ESXi Cloning

ESXi is virtualisation for the enthusiast, the underpaid or tight-fisted. To stop you just installing at and having it all your own way it is limited in what it can do. The limits are generous except for the minor point about a lack of Telnet/SSH support. This means no RCLI. This obviously also means that the power tweakers and tinkerers (like me) are stuck with GUI clicking.

However, a master of the art named Andrew Bradley explains in his blog how to unlock the powers of RCLI and throws in instructions on how to clone your VMs for good measure. What a nice chap!

For the GUI-lovers though, at least you can play with SCP to backup your VMs onto another device. Finally – robust virtual machines for people with servers in their sheds. What do you mean you DON’T have a server in your shed? Oh dear.

So here is how I do it. I do  a good build of Windows XP Pro and Ubuntu and save them in a folder called “Templates” I created in datastore1 on the VI Client. Creating a new server from this template goes as follows:

VI Client:

  1. Go to the Summary tab and right-click the datastore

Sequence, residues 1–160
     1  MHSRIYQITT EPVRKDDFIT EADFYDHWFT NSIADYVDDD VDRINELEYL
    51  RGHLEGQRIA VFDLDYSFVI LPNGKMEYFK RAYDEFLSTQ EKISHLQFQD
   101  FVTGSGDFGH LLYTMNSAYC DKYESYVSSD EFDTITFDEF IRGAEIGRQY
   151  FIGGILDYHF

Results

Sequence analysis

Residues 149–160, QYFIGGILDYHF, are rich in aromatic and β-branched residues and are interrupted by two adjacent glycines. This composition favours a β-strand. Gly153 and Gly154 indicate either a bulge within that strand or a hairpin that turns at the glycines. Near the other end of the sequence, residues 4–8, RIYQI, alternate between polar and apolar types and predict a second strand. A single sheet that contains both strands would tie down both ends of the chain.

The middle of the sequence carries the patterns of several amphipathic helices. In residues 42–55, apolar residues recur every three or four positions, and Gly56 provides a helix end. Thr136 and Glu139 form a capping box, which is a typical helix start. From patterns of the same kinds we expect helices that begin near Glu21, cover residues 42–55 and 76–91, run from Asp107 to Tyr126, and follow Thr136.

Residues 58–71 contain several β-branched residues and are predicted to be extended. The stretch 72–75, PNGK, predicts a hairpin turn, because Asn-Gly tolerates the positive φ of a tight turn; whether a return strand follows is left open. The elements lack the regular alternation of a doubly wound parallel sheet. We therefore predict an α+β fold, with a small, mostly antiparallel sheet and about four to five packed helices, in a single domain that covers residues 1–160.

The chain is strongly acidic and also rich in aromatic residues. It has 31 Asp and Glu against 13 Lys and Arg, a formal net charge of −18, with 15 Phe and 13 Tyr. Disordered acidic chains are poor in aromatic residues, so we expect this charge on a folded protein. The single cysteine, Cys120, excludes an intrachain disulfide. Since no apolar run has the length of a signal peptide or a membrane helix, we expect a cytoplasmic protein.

2. Choose browse datastore and the contents are shown
  3. Create a new folder (e.g. ‘New Server’)
  4. Use VI Client to copy the VMDK from the template machine to this folder. In this case I’m copying from “\templates\windowsxp.vmdk” to “\New Server\”

PuTTy

  1. SSH onto the ESX server directly
  2. cd ‘/vmfs/volumes/datastore1/New Server’
  3. mv ‘WindowsXP.vmdk’ ‘New Server.vmdk’
  4. mv ‘WindowsXP-flat.vmdk’ ‘New Server-flat.vmdk’
  5. vi ‘New Server.vmdk’
  6. change the -flat.vmdk filename for the Extent Description to be the new filename
  7. [Esc] :wq! to save/exit vi

Back to VI Client:

  1. Create a new custom VM
  2. Name it the same as your folder name (eg. ‘New Server’)
  3. When prompted for datastore, choose custom and browse to the newly renamed vmdk
  4. Finish creating the VM (note: I use buslogic adapters)
  5. Start the VM

Console tab for your new VM

  1. Start, Control Panel
  2. System
  3. Under the Computer Name tab, click Change
  4. Give it a new name
  5. Restart when prompted

All done.

You can obviously copy your VMDK and -flat.VMDK files off to other storage from time to time so long as the VMs are turned-off. Effective if luddite backup….

[UPDATE: Scripted cloning for the lazy is now available: http://www.pgregg.com/projects/vmclone/]

Leave a Reply